Currently showing on The Discovery Channel, the new ten-part documentary series Extreme Dinosaurs is proving to be something of a tour-de-force, combining the very latest palaeontological research with state-of-the-art computer generated animation techniques.
It is already an incredible success, drawing record audiences around the world. Nevertheless, it has come under fire from a number of respected experts in the field, who claim that the makers have sacrificed accepted academic thinking about prehistoric animals for the sake of sensationalism.
We invited the show's producer, Jerry 'Mack' McIntyre to comment on these criticisms.
The University of the Bleeding Obvious: Mr McIntyre, The Discovery Channel has spent a great deal of money on this series, and if the ratings are anything to go by, it seems that it was money well spent. All the same, it must be quite disappointing that your efforts have not been recognised by the academic community.
Mack: It is quite frustrating, yes. Certainly, this is a commercial enterprise and we are out to appeal to as many people as possible. But it's not just about entertainment: our aim - our 'mission statement' if you like - is to educate and inform. With Extreme Dinosaurs we feel we are doing just that.
UBO: One criticism that has been levelled at you is that the depiction of these animals is based largely on supposition. Do you feel that you are the victims of academic snobbery?
Mack: I think there's something in that, yes. We have put a great deal of work into getting everything authentic. It has involved five years of intensive detective work. After all, there's only so much you can learn from a pile of fossilised bones, but by drawing in experts from many different fields we can piece the whole picture together. We can examine fossilised teeth to determine diet, we can learn about their environment from studying the rock strata, and we can look at their modern-day descendants for clues to their behaviour. Yes, there is a certain amount of supposition involved, but then in science there is always an element of guesswork. I think that as a result of our researches, we can be reasonably confident we're right when we say that the brontosaurus spent much of its time in damp, secluded swamplands, or that the tyrannosaurus hunted mostly at night,
UBO: Or that the stegosaurus was a keen water-skier?
Mack: Exactly. Recent research has indicated that the stegosaurus was equally at home on land or water, so it's reasonable to assume that it would have been quite an accomplished water-skier.
UBO: It is quite a leap of logic though, isn't it? It's not surprising that it's attracted so much criticism. I must say, I was quite astounded when I first saw the clip of a group of stegosauruses lounging around in the sun and catching a few waves before wandering up to the beach bars.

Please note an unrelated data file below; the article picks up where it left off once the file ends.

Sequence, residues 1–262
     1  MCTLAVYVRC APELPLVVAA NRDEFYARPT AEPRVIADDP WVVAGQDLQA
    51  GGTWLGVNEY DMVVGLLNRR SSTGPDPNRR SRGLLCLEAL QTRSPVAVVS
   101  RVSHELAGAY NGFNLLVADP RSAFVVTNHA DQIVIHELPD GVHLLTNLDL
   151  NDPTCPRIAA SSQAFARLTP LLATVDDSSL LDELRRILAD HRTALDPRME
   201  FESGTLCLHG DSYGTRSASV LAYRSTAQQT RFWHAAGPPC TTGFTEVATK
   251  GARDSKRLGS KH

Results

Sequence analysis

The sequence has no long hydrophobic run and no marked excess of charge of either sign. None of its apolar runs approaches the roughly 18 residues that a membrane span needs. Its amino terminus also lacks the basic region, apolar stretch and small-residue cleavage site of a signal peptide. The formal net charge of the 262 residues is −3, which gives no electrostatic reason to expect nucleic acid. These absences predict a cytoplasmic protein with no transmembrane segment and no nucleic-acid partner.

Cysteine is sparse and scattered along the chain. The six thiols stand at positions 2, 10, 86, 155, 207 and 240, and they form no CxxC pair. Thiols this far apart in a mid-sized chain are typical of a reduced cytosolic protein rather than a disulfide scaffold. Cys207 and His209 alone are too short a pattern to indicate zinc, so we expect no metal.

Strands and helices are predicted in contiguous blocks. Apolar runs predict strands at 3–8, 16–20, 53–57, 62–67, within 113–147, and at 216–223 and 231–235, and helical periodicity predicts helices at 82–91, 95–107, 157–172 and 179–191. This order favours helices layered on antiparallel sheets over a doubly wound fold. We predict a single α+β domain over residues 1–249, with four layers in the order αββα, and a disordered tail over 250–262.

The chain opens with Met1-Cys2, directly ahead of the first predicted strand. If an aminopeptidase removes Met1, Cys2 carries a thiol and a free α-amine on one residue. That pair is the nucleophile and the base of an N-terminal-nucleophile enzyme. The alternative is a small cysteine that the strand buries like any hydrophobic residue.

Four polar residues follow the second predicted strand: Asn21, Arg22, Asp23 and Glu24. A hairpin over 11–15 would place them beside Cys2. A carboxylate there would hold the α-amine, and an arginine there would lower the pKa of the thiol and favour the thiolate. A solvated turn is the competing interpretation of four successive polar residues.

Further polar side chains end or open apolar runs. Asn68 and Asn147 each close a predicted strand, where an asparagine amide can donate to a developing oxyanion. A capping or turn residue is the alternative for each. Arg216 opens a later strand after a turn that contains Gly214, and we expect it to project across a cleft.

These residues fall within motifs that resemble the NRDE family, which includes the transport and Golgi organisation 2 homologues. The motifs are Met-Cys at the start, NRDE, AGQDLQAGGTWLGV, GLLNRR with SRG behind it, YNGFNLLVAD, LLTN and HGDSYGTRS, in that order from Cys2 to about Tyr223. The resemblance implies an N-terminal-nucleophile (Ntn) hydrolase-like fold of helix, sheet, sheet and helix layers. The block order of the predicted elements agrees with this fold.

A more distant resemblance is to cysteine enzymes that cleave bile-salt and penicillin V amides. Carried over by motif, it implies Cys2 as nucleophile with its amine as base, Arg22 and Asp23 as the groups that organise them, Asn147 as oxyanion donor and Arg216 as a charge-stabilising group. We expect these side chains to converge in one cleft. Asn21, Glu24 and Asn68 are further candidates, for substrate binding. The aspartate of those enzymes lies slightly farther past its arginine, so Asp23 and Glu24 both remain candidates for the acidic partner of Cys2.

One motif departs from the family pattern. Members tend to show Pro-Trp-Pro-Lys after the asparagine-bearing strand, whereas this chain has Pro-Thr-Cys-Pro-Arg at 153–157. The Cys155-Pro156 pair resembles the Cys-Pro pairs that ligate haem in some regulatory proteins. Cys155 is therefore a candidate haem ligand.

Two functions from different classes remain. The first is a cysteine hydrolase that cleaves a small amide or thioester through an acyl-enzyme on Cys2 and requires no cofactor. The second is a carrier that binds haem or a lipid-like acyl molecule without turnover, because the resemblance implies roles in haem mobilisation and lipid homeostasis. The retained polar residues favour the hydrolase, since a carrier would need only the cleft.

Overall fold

Mack: Well that's the majesty and wonder of nature for you. Breathtaking, isn't it?
UBO: Well all right, what about the allosaurus then?
Mack: Ah yes, the allosaurus. One of the largest carnivores this planet has ever produced. A huge, vicious, terrifying predator. One of my personal favourites.
UBO: But is there any actual evidence that they were into hang-gliding?
Mack: There's no evidence that they weren't.
UBO: That's not what I asked.
Mack: Look here, we've had some top notch scientific types on this - people with letters after their names. They've spent the best years of their lives studying this stuff. They've attended digs, examined artefacts and... and, well, done a lot of very complicated scientific stuff. And let me tell you - they've unearthed some pretty compelling evidence.
UBO: They've actually discovered the fossilised remains of prehistoric hang-gliders?
Mack: No, of course not. Don't be bloody stupid! They've discovered a lot of rocks.
Mack: Yeah, and the really astonishing thing is that when we look at modern hang-gliders today, we find that there are nearly always rocks in the vicinity. So it's reasonable to assume that the reverse is true - that where we find prehistoric rocks, we can also expect to find prehistoric hang-gliders. Surely that's a reasonable conclusion to draw? Don't answer that, the question was rhetorical.
UBO: Very well, I suppose you've got equally compelling evidence that sabre-toothed tigers rode motorbikes?
Mack: Ah well, this of course is common knowledge. It has been accepted as fact since 1956 when cave paintings were discovered in France, depicting a sabre-toothed tiger popping a wheelie to the amazement and delight of a crowd of lady sabre-toothed tigers. The sequence in our programme is based on that very painting, and the bike is authentically constructed from the materials available at the time - mostly rocks, bamboo, vulcanised coconuts and foam rubber, which scientists believe was in abundance during the cambrian period.
UBO: And the leather jacket?
Mack: Artistic licence.
And it would seem that artistic licence has been employed throughout much of the series. Look forward to future episodes featuring a skateboarding diplodocus, a parascending brachiosaurus and a plesiosaur called Dennis who holds the world drag-racing record.
And we've just learned that The Discovery Channel is so pleased with the series that they have commissioned a sequel. Extreme Dinosaur Detectives will feature a gang of crime fighting velociraptors who use their special ninja powers to save dinosaurs in distress.